When students and experienced practitioners of acupuncture are asked this question, many answers are given, most of which pivot around a common theme: using the healing arts to help patients get well.Though these are the benefits of your service, they are not the goal of business. The goal of business in an open market system like the United States is to make money, period. This is how you evaluate the progress of your business -- by the money you make and keep.
Applying this principle, the underlying prescription for business success is high income and low expenses. However, making money is not and should not be the only driving force in your business, but it must be addressed each time you make a decision concerning its income and expense.
Here's an example: You so enjoy seeing patients benefit from your healing art that it does not concern you to treat almost all of your patients for little or no fee. The patients all get well and tell you how wonderful you are. At the beginning of the next month, the landlord asks for the rent on your office space; your employees want to be paid for the hours they worked; the bank asks for the mortgage payment on your house; and you have to go shopping for groceries. Suddenly, you realize that patient compliments are not going to pay your bills. The reality is that you must charge a fee for your services or you will go out of business. If you don't, then no one benefits from your care.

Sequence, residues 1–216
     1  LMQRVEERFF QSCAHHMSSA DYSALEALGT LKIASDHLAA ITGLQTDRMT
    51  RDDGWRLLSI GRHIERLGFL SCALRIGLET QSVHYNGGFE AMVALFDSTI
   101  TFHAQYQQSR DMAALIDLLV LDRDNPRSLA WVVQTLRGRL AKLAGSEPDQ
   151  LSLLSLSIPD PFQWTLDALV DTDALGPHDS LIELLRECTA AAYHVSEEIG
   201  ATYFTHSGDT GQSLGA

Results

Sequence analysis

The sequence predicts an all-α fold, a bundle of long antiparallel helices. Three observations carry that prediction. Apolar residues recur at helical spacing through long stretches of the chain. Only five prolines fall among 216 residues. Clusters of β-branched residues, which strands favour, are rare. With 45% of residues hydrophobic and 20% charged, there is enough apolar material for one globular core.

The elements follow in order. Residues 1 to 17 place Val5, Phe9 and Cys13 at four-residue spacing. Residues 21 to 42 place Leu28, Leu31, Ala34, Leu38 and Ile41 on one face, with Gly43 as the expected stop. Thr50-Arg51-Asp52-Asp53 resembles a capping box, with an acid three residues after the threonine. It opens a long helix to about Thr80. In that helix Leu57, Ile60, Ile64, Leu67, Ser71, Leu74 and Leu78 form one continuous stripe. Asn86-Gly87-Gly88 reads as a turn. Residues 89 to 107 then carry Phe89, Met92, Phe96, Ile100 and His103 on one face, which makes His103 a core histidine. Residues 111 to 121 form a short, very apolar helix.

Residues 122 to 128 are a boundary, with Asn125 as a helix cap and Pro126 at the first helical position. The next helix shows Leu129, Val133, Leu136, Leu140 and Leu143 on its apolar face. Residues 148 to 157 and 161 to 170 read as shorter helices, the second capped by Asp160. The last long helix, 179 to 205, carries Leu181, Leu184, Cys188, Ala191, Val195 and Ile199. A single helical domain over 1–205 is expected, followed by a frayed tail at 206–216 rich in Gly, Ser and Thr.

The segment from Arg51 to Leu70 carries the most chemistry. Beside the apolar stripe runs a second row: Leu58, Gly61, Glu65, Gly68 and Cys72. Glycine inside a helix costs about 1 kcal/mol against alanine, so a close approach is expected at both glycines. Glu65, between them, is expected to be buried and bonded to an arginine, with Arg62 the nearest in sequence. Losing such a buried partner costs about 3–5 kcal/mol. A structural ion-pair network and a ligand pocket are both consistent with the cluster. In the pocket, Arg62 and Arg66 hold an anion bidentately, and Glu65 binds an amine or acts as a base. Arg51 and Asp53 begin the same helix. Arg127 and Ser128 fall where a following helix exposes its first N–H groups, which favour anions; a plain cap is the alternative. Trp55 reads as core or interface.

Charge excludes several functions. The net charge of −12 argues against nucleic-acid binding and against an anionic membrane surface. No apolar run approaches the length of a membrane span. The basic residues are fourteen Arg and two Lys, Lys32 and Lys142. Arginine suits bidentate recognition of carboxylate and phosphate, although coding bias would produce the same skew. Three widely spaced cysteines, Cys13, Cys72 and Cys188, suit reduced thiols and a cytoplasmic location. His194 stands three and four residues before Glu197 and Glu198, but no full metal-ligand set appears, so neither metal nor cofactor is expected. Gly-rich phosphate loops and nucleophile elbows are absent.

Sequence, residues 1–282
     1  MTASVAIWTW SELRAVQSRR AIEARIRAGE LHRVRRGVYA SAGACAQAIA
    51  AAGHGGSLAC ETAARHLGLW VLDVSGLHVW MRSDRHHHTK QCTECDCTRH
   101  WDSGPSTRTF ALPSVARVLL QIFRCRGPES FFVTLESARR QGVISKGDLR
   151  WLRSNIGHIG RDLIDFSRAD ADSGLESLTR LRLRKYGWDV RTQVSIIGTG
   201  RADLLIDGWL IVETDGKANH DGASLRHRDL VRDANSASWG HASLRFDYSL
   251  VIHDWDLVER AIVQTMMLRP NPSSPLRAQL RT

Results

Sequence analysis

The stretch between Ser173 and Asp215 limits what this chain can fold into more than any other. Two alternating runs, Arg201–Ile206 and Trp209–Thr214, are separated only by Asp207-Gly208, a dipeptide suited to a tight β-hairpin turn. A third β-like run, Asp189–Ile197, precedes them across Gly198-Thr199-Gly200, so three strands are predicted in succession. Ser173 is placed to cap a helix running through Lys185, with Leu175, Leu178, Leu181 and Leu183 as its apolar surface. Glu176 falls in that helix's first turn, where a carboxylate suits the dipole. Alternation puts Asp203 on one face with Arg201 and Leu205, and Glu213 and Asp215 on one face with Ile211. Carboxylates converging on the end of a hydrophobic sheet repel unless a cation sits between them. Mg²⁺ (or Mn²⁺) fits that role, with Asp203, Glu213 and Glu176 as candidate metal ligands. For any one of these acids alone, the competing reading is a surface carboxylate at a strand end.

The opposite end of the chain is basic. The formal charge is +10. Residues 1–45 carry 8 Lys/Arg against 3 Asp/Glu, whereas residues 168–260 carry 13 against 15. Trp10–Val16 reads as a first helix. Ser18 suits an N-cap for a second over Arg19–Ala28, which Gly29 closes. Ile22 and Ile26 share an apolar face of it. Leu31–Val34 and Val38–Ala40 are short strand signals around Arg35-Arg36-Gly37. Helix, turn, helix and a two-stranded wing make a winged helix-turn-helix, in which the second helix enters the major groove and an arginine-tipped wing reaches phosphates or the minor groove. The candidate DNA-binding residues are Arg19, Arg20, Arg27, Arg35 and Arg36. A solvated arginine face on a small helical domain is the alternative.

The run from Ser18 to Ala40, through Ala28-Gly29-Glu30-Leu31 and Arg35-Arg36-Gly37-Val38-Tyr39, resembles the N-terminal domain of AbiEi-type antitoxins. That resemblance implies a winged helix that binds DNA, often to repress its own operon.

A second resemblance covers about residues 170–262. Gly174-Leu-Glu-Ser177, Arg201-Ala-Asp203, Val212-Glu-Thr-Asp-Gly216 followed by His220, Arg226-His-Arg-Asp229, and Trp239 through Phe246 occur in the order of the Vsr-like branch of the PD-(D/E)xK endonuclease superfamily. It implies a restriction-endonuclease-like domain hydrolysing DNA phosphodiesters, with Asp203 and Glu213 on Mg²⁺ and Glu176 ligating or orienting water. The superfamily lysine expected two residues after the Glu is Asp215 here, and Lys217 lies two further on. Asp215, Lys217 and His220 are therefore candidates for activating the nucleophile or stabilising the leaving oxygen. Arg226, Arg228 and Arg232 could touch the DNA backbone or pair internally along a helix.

Here's another example. You have a patient who has been with you for years and pays for each visit in full. The patient allows you to meet your office and living expenses. This makes sense, based on the income and expense business formula. However, the picture changes when the patient suffers some tough times. His business has failed, and his house is being foreclosed. In short, he needs your care more than ever, but now he can't afford it. If you use the strict income and expense formula listed above, the patient can't pay, so he either does not get care or is referred to another provider. Your heart, however, says you are willing to take a loss to help this patient get through difficult circumstances, because you have enough income from the other patients to meet your practice and living expenses. (I personally call this "credits to heaven.")
Later in the year, the patient starts getting back on his feet and begins to pay you for your services. He is so grateful for your help in his time of need that he sends any and all people he knows to see you. The next thing you know, you have 20 new patients.
These examples of conflicts between the goal of business and your healing goals illustrate the need to acknowledge and think about making money whenever you make other decisions that affect your practice. If you lose sight of this primary goal of your healing arts business, you will not earn enough to keep your doors open to see patients, and you will be unable to share your healing skills with those who seek your care.
Note: A wonderful book, titled The Goal by Eliyahu M. Goldratt, written in a Socratic method, describes a manufacturing business which undergoes a transformation with the help of a consultant. It illustrates this point that applies to all businesses, whether they are manufacturers or service-oriented. I consider it a must-read for anyone interested in the finer points of this topic.
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